3. Pennsylvania is open carry, There’s a guy in my town who goes everywhere with an AR-15 style rifle slung over his shoulder and a big, chrome-plated big caliber pistol that looks like an old .45, on his waist. He goes in the grocery store and just walks around, not shopping, among other places. I’ve passed him several times at the store, in the mall, stood behind him in the line at Dairy Queen–a lot of folks walk out when he walks in–and the eye contact he makes, you can tell he’s just itching for a confrontation. I don’t think that he wants an excuse to shoot people, but to babble about his “rights,” like those guys who walk around outside schools with weapons. It’s all about the attention. What bothers me is not his delight in making people uncomfortable, but that it binds me to a specific reaction. I can’t avert my eyes and ignore him, because that gives him the satisfaction he craves, because he’ll think he’s intimidated me–so the only thing left to do is look at him hard, which I’m sure he takes to mean that I’m opposed to his god-given second amendment rights.

    Now the truth is, I’m not afraid of him, not at that point–he’s a pot-bellied, bent-spine, hunched over couch potato with skinny arms that have that flab that hangs down where he triceps should be, like a grandmother’s arms–he looks working class at first glance, but his hands are soft and his nails are clean. A fraud. I thinking: you with your holstered firearm, me with my baseball bat, let’s see who walks out of here. But that’s just me being angry and juvenile.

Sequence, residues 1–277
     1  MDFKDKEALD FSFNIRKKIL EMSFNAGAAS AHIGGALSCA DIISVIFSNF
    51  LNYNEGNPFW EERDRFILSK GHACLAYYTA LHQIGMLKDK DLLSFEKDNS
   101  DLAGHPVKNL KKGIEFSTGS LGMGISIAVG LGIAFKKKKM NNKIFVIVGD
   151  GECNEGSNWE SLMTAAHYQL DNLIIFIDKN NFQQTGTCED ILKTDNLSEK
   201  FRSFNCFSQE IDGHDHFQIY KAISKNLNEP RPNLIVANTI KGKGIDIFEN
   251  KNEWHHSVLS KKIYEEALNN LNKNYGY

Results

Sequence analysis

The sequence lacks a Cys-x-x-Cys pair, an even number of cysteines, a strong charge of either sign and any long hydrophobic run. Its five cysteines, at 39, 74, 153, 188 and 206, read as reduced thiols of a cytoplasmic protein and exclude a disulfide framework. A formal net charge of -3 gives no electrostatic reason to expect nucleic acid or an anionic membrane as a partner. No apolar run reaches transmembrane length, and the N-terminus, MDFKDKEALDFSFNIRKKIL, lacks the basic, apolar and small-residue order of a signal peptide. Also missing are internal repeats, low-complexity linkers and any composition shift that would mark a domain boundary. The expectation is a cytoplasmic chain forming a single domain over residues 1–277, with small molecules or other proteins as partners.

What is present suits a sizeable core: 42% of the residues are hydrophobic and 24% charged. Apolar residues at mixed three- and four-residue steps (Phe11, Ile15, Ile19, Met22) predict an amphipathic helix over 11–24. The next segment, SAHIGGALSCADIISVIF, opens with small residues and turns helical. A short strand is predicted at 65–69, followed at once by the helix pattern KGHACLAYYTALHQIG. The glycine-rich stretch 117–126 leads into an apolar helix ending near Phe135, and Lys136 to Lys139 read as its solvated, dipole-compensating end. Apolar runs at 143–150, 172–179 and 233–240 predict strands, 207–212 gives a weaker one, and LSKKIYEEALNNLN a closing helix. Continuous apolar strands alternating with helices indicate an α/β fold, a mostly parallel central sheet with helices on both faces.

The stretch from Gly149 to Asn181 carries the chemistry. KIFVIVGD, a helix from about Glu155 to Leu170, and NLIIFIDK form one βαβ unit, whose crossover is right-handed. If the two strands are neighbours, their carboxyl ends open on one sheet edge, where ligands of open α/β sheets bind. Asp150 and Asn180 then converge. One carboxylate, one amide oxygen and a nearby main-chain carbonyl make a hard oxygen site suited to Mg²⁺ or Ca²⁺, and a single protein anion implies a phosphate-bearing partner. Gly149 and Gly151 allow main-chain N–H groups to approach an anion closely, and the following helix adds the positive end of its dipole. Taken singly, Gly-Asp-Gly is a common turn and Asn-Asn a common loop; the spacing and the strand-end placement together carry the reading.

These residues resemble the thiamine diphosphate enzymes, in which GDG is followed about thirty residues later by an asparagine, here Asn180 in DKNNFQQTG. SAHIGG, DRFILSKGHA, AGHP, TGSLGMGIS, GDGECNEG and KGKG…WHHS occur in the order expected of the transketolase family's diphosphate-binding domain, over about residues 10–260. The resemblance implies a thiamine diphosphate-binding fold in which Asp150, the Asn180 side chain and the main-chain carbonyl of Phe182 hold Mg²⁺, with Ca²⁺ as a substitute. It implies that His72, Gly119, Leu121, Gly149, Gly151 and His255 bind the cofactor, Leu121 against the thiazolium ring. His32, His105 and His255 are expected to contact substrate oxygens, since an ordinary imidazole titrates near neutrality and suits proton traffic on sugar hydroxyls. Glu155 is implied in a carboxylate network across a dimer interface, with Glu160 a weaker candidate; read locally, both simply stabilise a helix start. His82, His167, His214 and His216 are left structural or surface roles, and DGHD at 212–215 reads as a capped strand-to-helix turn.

What I’m sayhing is that the guns are all that make him tough. And the real irony is that I don’t really care about his arguable rights–I have no qualms with responsible gun owners, but these guys, these obsessive fetishists, whose self-image is so wrapped up in a tool–and that’s what a gun is, a tool for killing–I have no time for it. But that is the appeal, in the end, these redneck Beavis and Buttheads think buying themselves a gun makes them bad asses worthy of respect, when all they’re really doing is announcing their idiocy to anyone who crosses their path.

    As for the business owners, they have the right to ban firearms on their property, but the bigger companies–this guy likes a grocery store called Giant Eagle, because they don’t stand up to him–are afraid of what happens after. Not a shooting, but the NRA gets involved, dumps a bunch of money locally and organizes boycotts because, you know, in their eyes some rights are more important than others.

    Liked by 1 person

    1. I can’t agree more with all of this. Very well said. Yes. This whole idea that they have to carry a gun to show their “toughness.” The idea that they have to even do this. I think that is what gets me too. And also the fact that their tool for this – their gun – does serve it’s purpose. It scares me and it has a chilling effect. Knowing someone has a gun, and that they are so egotistical that they are proud of the gun, scares me and prevents me from speaking up.

      Liked by 1 person